Issue – The only ground taken by revenue in this appeal relates to deleting the addition of Rs. 17,91,334/- on account of cessation of liability u/s. 41(1) of the Act.
Contention of the Assessing Officer – The AO while making this addition has observed as under:-
“4.1 For the year under consideration in the balance sheet an amount of Rs. 17,91,334/- is appearing as sundry creditors for Export commission under the head “Current Liability and Provisions”. The assessee was requested to clarify the said entry. In response to the assessee vide letter dated 3-11-2008 submitted as under :-
“The commission of Rs. 17,91,334/- is unpaid to Mr Ashwin Pare/, as the said party has not performed the work as decided earlier. Later on, the payment could not be made because of liquidity crunch. We intend to make this payment in current year as soon as possible.”
Further from the details produced by the assessee it is seen that the liability is outstanding from F.Y. 2002-03 i.e. Rs. 1,71,267/- and F.Y. 2003-04 i.e. Rs. 16,20,067/-. This fact is also apparent from the records, wherein the outstanding liability is appearing in the balance sheet of the assessee from A. Y. 2004-05, though the assessee has debited these expenses in the P&L A/c. for the relevant years.
4.2. Here it is pertinent to go through the provision of the section 41(1) of the Act, relevant portion is which reproduced as under:-
“Where an allowance or deduction has been made in the assessment for any year in respect of loss, expenditure or trading liability incurred by the assessee (hereinafter referred to as the first-mentioned person) and subsequently during any previous year- “
(a) the first mentioned person has obtained, whether in cash or any in any other manner whatsoever, any amount in respect of such loss or expenditure or some benefit in respect of such trading liability by way of remission or cessation thereof, the amount obtained by such person or the value of benefit accruing to him shall be deemed to be profits and gains of business or profession and accordingly chargeable to Income-tax as the income of that previous year, whether the business or profession in respect of which allowance or deduction has been made is in existence in that year or not;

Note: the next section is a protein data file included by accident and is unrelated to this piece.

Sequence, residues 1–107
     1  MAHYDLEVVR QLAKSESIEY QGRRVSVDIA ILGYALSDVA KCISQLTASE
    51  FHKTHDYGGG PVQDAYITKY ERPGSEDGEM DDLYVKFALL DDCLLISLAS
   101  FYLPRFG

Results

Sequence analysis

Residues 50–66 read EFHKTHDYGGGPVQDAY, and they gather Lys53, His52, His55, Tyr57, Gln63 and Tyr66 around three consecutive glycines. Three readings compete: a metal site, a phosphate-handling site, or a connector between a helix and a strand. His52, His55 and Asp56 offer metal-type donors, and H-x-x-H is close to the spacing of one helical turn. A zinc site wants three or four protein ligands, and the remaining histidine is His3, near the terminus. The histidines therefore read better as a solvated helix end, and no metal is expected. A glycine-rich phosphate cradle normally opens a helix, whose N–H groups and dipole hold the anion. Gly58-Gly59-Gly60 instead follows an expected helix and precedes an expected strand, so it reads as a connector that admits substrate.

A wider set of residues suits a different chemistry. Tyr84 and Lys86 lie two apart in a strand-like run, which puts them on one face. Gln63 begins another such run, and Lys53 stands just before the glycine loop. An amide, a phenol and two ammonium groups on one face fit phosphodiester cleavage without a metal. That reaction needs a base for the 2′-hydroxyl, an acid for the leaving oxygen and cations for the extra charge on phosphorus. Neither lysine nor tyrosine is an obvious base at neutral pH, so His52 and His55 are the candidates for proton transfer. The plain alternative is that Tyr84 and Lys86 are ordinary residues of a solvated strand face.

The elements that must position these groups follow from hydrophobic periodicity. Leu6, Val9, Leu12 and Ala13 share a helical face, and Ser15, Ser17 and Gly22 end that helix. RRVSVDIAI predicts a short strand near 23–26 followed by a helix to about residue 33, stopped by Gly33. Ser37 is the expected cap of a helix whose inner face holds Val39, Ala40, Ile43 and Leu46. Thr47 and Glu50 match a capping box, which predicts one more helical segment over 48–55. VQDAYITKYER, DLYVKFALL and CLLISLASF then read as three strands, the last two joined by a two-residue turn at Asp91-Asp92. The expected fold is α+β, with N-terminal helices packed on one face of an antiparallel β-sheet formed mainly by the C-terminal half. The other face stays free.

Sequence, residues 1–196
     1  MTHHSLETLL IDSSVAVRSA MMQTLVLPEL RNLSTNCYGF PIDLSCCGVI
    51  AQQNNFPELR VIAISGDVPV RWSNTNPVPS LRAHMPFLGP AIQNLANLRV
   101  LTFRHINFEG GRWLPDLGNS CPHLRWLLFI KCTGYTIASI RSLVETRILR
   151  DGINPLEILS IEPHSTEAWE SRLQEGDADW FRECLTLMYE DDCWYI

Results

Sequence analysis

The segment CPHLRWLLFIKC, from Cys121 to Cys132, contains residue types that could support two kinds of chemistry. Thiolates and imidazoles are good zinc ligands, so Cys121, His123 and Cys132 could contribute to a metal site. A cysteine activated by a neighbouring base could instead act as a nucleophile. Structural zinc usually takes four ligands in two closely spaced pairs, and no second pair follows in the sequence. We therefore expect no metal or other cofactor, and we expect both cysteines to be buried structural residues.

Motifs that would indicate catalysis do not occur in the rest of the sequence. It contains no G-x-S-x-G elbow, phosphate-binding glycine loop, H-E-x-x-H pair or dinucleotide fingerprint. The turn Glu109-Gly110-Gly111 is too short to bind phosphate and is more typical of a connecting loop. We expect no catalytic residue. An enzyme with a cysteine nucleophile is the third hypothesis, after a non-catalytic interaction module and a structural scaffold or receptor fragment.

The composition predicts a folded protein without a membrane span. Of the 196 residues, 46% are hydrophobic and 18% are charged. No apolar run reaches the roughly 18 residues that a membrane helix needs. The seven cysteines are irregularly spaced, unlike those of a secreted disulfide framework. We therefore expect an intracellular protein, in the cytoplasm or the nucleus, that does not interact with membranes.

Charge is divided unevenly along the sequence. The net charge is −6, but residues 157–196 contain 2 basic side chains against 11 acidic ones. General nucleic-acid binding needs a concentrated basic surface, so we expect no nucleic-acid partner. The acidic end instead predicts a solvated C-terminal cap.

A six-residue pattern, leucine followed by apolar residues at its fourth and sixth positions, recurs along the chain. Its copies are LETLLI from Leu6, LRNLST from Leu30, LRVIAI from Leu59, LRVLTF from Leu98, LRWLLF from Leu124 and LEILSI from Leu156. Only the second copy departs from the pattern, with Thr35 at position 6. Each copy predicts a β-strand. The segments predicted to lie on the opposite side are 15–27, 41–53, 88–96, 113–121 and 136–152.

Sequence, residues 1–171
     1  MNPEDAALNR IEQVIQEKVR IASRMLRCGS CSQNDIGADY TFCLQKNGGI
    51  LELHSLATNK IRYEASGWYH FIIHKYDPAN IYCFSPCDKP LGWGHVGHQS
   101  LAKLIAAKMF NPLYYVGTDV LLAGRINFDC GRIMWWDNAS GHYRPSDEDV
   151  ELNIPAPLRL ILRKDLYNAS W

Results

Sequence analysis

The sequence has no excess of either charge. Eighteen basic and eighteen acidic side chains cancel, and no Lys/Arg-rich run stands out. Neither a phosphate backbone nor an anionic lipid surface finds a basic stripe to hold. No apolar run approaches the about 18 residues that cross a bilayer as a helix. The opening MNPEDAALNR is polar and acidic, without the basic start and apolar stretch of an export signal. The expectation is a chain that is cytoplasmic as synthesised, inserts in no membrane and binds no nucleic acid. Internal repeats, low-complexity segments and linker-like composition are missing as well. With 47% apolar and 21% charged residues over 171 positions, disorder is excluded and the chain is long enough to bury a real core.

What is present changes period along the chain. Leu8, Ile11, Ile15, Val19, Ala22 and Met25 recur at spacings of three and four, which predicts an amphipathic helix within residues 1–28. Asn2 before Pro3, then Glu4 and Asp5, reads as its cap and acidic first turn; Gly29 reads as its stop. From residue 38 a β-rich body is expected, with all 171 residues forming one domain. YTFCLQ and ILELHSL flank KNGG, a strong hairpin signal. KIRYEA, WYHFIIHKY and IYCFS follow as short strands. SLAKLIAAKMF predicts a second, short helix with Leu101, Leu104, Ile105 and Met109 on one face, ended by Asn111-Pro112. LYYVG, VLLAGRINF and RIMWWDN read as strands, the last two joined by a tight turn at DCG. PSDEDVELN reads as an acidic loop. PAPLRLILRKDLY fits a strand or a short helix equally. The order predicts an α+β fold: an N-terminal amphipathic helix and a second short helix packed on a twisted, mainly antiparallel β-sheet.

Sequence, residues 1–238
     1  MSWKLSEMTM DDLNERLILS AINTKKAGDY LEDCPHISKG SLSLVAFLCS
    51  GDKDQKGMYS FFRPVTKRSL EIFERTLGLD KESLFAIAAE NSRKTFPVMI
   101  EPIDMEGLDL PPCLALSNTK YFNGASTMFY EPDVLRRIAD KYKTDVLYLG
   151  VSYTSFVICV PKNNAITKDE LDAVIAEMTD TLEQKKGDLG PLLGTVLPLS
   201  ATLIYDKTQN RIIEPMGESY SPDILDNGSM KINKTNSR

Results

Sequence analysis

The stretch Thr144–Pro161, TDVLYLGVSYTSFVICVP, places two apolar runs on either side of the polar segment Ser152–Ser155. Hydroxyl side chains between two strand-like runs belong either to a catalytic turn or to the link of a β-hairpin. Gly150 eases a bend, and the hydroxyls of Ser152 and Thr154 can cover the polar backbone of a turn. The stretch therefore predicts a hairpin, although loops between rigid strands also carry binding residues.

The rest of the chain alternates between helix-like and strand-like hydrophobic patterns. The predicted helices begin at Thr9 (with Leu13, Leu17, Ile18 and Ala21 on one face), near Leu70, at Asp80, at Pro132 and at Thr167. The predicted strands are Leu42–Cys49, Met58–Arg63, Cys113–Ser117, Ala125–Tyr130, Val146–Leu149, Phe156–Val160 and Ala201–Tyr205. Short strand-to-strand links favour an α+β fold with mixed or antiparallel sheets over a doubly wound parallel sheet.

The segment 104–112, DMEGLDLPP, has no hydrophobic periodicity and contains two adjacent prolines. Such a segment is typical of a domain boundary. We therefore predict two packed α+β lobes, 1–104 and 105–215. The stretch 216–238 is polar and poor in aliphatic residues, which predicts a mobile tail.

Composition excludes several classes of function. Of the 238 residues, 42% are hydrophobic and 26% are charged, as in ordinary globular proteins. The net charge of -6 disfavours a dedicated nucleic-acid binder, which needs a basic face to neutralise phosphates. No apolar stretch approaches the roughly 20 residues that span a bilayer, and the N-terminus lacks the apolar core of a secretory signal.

From the above provisions it is clear that the amount of outstanding liability of Rs. 17,91,3341- as appearing in the balance sheet of the assessee for the year under consideration and incurred/debited during A. Y. 2003-04 and 2004-05 is required to be treated as deemed profit for the year under consideration. Further, the above point of view is also consolidated by the admission of the assessee that it is not in a position to pay the said amount. Therefore, it is clear that the liability as appearing in the balance sheet of the assessee has ceased to exist.
4.3. In view of above facts, the amount of Rs. 17,91,334/- is treated as deemed profit of the assessee for the year under consideration and added back to the total income of the assessee.”
Held by CIT (A) – Ld. CIT(A) has deleted this addition by observing as under:-
“3.3. I have considered the submissions made by the A. R. of the appellant and the observations of the assessing officer in the assessment order. The addition was made by the A. O. simply on the ground that the liability continues to be outstanding for quite some time. The provisions of Sec. 41(1) come into play when the assessee obtains in cash or in kind any amount out of the expenditure allowed earlier. Alternatively the assessee must have obtained benefit by way of remission or cessation of trading liability. The third scenario in which the provisions cana be invoked is when the assessee unilaterally writes-off the liability. In the instant case none of the above-mentioned events took place. As contended by the appellant, the liability continues to be outstanding even as on 31-03-2010. In the circumstances, the addition of Rs. 1 7,91,334/- u/s. 41(1) is not in accordance with law. It is deleted. This ground of appeal is allowed.”
Held by ITAT – Since Ld. CIT(A)’s above finding is in conformity with the order of jurisdiction High Court in the case of CIT vs. Nitin S. Garg Tax Appeal Nos. 2428 & 2431 of 2010 dated 11th April, 2012  22 taxman.com 59 (Guj) wherein following was held.
“It had not been established that the assessee had written off the outstanding liabilities in the books of account. The Tribunal was justified in taking the view that the assessee had continued to show the admitted liabilities in its balance sheet, the same could not be treated as cessation of liabilities. Merely because the liabilities were outstanding for last many years, it could not be inferred that the said liabilities has ceased to exist. The Tribunal had rightly observed that the Assessing Officer would have to prove that the assessee had obtained the benefits in respect of such trading liabilities by way of remission or cessation thereof. Merely because the assessee obtained benefit of reduction in the earlier years and balance was carried forward in the subsequent year, it would not prove that the trading liabilities of the assessee had become non-existent. [Para 15]
In view of aforesaid, impugned order passed by the Tribunal was to be upheld.”
We feel no need to interfere with the order passed by Ld CIT(A) and the same is hereby upheld. Revenue’s appeal is dismissed.